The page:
Palast doesn’t bother with these subtleties: Reagan was a “coward,” a “whipped dog” for “running away” – and he’s only just getting started. Palast unleashes such a constant stream of epithets that his piece consists of little else. Hitchens, too, seems to take perverse pleasure in hurling abuse at such a beloved figure, so much so that he might consider contributing to the war effort by applying for a job as an interrogator at Abu Ghraib prison: I hear they have a few openings. Reagan, he writes, was “a cruel and stupid lizard,” and “as dumb as a stump.” Palast’s vitriol, while devoid of Hitchens’ sense of style, elevates the toxicity level considerably: Reagan was a “killer,” a “coward,” and a “con-man.” Nancy, he opines, is “a skull and crossbones prancing around in designer dresses,” and, in his next breath, solemnly intones that her husband was a harbinger of “the New Meanness.”

Both Hitchens and Palast seem perturbed by the hostage deal in large part because it funded some of the Nicaraguan contra groups. Both denounce Reagan’s covert effort to overthrow the Sandinista government as “illegal.” But was it any more illegal than the conquest and occupation – oh, wait, I mean liberation – of Iraq? Palast blames Reagan for tuberculosis in Nicaragua – the economic sanctions, you know – and frames Reagan’s death as payback time for the demise of the Sandinista workers’ paradise – which was voted out of office, and is today a minority party. Former Sandinista President Daniel Ortega, one of the “revolutionaries” who seized power in 1979 along with a “directorate” of military commanders, had a lot more class than his American cheerleader, writing in La Prensa:

“We don’t celebrate any death, but we must be honest, we will not start saying now that President Reagan respected international law, that he treated Nicaragua well. We’re not going to lie.”

Ortega is right: thousands died in the U.S.-provoked civil war, which allowed the Marxist junta to consolidate its power and move rapidly toward a Cuban-style one-party dictatorship. No, Reagan didn’t treat Nicaragua very well: aside from killing thousands, U.S. intervention enabled the Sandinistas to claim the mantle of Nicaraguan nationalism and kept them in power far longer than they would have lasted without convenient enemies to blame for the inevitable failure of Nicaraguan state socialism.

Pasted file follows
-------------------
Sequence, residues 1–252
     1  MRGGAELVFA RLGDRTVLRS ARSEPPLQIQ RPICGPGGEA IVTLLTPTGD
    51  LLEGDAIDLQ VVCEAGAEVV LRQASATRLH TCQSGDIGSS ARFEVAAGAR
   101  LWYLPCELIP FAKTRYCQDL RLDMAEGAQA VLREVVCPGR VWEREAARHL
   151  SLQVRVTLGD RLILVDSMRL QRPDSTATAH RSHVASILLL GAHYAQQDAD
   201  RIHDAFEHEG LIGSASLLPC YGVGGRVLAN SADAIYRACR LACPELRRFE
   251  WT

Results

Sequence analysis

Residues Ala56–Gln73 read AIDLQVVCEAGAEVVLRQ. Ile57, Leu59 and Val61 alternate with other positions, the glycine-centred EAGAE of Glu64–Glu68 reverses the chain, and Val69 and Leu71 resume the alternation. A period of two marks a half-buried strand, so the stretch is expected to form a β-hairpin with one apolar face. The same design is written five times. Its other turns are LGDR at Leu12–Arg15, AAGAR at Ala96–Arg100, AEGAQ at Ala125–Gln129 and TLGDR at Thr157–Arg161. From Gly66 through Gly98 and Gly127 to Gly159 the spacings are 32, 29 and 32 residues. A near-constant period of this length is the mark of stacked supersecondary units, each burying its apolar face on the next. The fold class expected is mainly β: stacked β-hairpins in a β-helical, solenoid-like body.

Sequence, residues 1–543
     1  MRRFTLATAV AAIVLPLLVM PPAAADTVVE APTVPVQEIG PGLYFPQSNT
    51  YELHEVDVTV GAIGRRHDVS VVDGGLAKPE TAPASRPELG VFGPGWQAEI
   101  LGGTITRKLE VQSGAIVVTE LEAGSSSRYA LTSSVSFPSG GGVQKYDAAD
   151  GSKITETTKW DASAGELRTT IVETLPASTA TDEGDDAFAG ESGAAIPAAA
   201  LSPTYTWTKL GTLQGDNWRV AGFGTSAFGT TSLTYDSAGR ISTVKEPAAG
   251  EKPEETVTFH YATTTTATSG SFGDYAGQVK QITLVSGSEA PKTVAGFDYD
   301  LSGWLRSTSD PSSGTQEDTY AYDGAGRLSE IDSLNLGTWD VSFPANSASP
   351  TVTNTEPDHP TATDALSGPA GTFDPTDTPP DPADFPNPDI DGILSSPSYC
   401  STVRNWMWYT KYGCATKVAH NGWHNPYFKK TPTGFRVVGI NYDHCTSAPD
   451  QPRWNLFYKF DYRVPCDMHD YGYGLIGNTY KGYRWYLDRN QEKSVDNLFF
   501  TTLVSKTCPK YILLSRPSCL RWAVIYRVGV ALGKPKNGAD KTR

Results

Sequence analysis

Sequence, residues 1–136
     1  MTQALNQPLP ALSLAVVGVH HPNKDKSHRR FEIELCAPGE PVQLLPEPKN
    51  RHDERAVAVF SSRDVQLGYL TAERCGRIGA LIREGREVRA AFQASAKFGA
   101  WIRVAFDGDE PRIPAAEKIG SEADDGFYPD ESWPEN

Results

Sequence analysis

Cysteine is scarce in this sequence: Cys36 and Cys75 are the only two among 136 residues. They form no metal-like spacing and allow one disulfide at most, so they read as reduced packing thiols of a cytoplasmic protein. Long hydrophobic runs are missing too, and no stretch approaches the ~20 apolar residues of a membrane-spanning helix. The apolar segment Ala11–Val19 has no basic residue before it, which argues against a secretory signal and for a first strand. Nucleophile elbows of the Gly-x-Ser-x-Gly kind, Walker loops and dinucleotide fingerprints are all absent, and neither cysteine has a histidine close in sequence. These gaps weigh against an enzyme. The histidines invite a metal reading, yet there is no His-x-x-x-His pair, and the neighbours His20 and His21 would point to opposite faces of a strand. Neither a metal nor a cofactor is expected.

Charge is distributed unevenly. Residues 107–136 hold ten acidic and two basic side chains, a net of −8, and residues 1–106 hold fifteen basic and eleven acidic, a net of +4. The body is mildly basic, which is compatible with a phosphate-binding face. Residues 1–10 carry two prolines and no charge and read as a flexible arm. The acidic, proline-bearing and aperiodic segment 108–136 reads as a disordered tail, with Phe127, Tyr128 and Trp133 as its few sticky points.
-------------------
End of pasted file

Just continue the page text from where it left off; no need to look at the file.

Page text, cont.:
While it is understandable for two self-described men of the Left to be embittered by the Nicaraguan adventure, rage at Reagan’s failure to take on Hezbollah and reduce Lebanon to rubble seems a mite odd. Stranger yet is that the Hitchens-Palast analysis bears more than a passing resemblance to the views of Condoleezza Rice, who told Ed Bradley on 60 Minutes the other day that the real roots of America’s problematic response to the terrorist threat can be traced back to U.S. policy during the Reagan administration. No, it wasn’t us, we were paying attention to Osama bin Laden and the threat posed by Al Qaeda, said Rice, and we’ve taken out two-thirds of their leadership:

ED BRADLEY: “But here – here – here’s what I’m saying. You- you have a 30-month period leading up to 9 /11 in which you have fewer attacks than the 30 months after, is when you had this war.”

CONDOLEEZZA RICE: “Ed, I think that’s the wrong way to look at it, with – with all due respect. I think you have to look back to the ’80s, and most certainly the ’90s, when what was happening was that the terrorist attacks were getting bolder. They were getting more imaginative. They were getting more daring. These attacks were getting bolder and they were getting more daring. And that’s because the terrorists were getting a sense of inevitability of their victory. We were not aggressively going after them. They believed that they were going to win. They saw us cut and run in Somalia. They go all the way back to the fact that the Marines left Beirut after the bombing of the barracks. They believed that if we took – casualties, we would not respond. And what they’ve been surprised by is the fact that this has, this time, been a – a launching of an all-out war on them. And yet, they’re going to continue to try to attack. They’re going to succeed sometimes. But they are going to be defeated.”

In other words: Reagan was a weenie, but George the Conqueror is showing the world what we’re made of. Just you wait and see….

If the present administration had its way, U.S. troops would still be in Somalia. The Marines would never have gotten out of Lebanon, and – if the neocons have their way – they may yet return. In which case Hitchens, Palast, Condi, and the staff of the American Enterprise Institute can all get together and celebrate the undoing of Reagan’s “cowardly” legacy.


Assiduous link-followers will note that I link to Palast’s piece as republished on the “Axis of Logic” site, rather than an identical version on his weblog. The reason is because Palast circulated a letter accusing Matt Drudge of launching an “attack” on his website: the attack consisted of Drudge posting a link to Palast’s dumb-ass article so that his vast audience could partake of the full flavor of the author’s asininity. Drudge directed his readers to Palast’s opinions, and, in effect, said “Judge for yourself.” This, says Palast, is an “attack,” although he doesn’t seem to be very clear on why he thinks this is so.

Good grief, if only Drudge would launch a similar “attack” on! I mean, what does the 31st most popular news website have to do to get a Drudge link – diss the dead?

What the technologically-challenged Palast fails to understand is that Drudge was doing him an enormous favor– and, in my view, an entirely undeserved one. His server couldn’t handle the traffic, but ours sure could. In any case, that’s why I don’t link directly to Palast’s site – after all, I don’t want him accusing me of launching a malicious “attack.”

Author: Justin Raimondo

Justin Raimondo passed away on June 27, 2019. He was the co-founder and editorial director of, and was a senior fellow at the Randolph Bourne Institute. He was a contributing editor at The American Conservative, and wrote a monthly column for Chronicles. He was the author of Reclaiming the American Right: The Lost Legacy of the Conservative Movement [Center for Libertarian Studies, 1993; Intercollegiate Studies Institute, 2000], and An Enemy of the State: The Life of Murray N. Rothbard [Prometheus Books, 2000].